Another demographic trend of importance is urbanization. Over the last two hundred years the proportion of the world’s population living in cities rose from about 1% to over 50%. There is absolutely no sign this is stabilizing or reversing. According to the UN 2011 assessment of Urbanization: ”the urban areas of the world are expected to absorb all the population growth over the next four decades while at the same time drawing in some of the rural population.” Also of importance is the demographic trend towards heterogeneous mixing of the human gene pool. The role of race and ethnicity is changing severely, either in reaction to or as a driver for the mixing of people around the world. Statistical differences in the genetics of regions are diminishing.

The next major area of trends to anchor to is ecology. Here there are several items. One is the loss of groundwater in key regions, such as Punjab India. Many locations depend on underground aquifers that are in the last stages of collapse. Once they are gone, they do not return because the space left by the lost water is filled with collapsing earth and therefore no recharge is occurring. Another important trend is the rise of invasive species, causing unintended loss of biosphere niches. The overall degradation and potential loss of major biosphere mechanics, such as ocean salination or fishery collapse, are important trends to watch.

But, of course, climate change is the most obvious. Even if a miracle solution appeared tomorrow, allowing humans to produce energy in the forms we need and the places we need without emitting carbon dioxide, there is already a huge load of greenhouse gases making its way in to the upper atmosphere. Both statistical trends and predictive models suggest that major, potentially human-culture shattering, climate events will occur by 2030. Hydrology is the major mechanism for heat dissipation in the earth’s climates, so most of these climatic events will depend on extreme water-related weather. Although not often brought up with ecology, I’d also point out the wider ecology of our solar system. In particular, the longer we look out in the future the greater the statistical likelihood of a major collision with an asteroid or (less likely) a comet.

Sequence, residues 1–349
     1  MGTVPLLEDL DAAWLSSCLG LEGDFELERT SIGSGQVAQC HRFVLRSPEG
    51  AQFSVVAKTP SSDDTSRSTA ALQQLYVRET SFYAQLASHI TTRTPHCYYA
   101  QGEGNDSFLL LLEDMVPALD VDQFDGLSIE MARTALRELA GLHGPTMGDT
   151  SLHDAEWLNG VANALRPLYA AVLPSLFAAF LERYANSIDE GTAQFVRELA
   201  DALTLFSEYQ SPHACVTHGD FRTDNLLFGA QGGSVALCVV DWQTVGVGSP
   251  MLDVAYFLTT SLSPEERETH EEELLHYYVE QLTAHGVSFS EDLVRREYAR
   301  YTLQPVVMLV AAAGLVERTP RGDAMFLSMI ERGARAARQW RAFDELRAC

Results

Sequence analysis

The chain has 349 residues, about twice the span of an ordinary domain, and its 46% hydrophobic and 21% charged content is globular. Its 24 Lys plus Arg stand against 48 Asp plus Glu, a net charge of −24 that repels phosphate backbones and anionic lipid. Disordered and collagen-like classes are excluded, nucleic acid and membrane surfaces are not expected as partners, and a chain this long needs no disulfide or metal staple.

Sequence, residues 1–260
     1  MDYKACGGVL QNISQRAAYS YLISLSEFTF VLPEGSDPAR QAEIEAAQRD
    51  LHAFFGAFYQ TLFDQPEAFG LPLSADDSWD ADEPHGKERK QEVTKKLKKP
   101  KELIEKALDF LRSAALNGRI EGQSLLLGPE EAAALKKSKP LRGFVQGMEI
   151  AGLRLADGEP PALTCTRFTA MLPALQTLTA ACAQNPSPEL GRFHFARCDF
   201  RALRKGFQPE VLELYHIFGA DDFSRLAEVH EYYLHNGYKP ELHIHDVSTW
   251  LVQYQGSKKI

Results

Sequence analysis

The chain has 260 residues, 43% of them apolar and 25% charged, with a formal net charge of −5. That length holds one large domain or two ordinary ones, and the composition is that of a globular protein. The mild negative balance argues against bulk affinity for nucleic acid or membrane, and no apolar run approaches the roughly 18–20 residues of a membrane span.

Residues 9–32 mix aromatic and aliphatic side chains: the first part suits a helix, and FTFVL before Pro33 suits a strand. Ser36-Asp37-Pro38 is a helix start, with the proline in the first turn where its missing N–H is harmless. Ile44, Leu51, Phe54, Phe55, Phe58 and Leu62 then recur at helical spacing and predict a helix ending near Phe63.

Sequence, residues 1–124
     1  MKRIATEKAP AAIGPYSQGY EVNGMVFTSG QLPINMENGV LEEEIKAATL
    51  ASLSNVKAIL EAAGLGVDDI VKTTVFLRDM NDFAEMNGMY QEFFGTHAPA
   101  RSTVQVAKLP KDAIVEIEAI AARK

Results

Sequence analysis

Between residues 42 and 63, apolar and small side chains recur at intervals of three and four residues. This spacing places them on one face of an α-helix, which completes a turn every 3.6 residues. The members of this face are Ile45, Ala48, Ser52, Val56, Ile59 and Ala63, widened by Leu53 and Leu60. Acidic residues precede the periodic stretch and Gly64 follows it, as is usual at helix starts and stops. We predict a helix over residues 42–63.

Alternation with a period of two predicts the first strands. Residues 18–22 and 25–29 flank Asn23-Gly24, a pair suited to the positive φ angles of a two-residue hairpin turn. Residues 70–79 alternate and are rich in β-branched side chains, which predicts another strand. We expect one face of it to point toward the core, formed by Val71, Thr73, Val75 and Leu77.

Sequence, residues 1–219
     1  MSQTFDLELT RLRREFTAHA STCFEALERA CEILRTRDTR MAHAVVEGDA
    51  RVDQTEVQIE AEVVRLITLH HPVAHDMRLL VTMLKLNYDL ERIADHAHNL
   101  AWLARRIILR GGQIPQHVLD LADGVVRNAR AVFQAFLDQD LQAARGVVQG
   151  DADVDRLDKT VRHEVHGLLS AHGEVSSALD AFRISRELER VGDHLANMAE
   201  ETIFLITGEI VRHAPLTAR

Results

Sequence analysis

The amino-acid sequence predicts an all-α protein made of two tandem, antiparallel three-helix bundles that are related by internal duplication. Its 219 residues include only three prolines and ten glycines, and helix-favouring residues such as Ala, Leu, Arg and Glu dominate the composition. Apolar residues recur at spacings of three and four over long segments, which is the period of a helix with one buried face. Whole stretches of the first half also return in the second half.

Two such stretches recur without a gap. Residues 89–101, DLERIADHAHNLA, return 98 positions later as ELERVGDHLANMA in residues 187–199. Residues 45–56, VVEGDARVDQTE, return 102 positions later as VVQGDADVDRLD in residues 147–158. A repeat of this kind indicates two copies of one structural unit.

Socio-economic trends also exist. One of importance is the increasing density of wealth, a trend that has been going on in places like the USA and the EU for at least thirty years but is nonetheless causing social tensions. In the USA, for example, the top 1% of households hold more wealth than the bottom 90%. The top 1% account for the about 35% of wealth, i.e. 1 million households control a third of the wealth in the USA. Will this continue? The answer is “yes”, short of some intervening event. Both of those possibilities should factor in to your long term thinking.

Putting it all together

This article introduced five mental exercises I have found useful when conducting long term thinking. As mentioned before, long term thinking is not the same as long term planning. It is not about generating strategies to control or maximize future payouts, but rather about creating a realistic but broad range of potential scenarios we may face at a later date. It builds a wide, but reasonable cone of uncertainty out towards the future. Obviously many of the scenarios will not come to pass, but accuracy is not measured like that for long term thinking. If anything, I suggest accuracy is measured by how surprised you are as the new “now” unfolds. Done well, long term thinking provides a pleasant sense of awe during the moment, but helps prevent us from being surprised at a later date. Casual long term thinking is fine, but I suggest you at least try a few sessions where you go deep and rigorous either alone or with companions. Any of the methods described here act as good starting off points. Document your ideas, and try to keep notes around you regarding unstoppable known trends, since the more these are internalized the better the scenario building will be. And, of course, best of luck!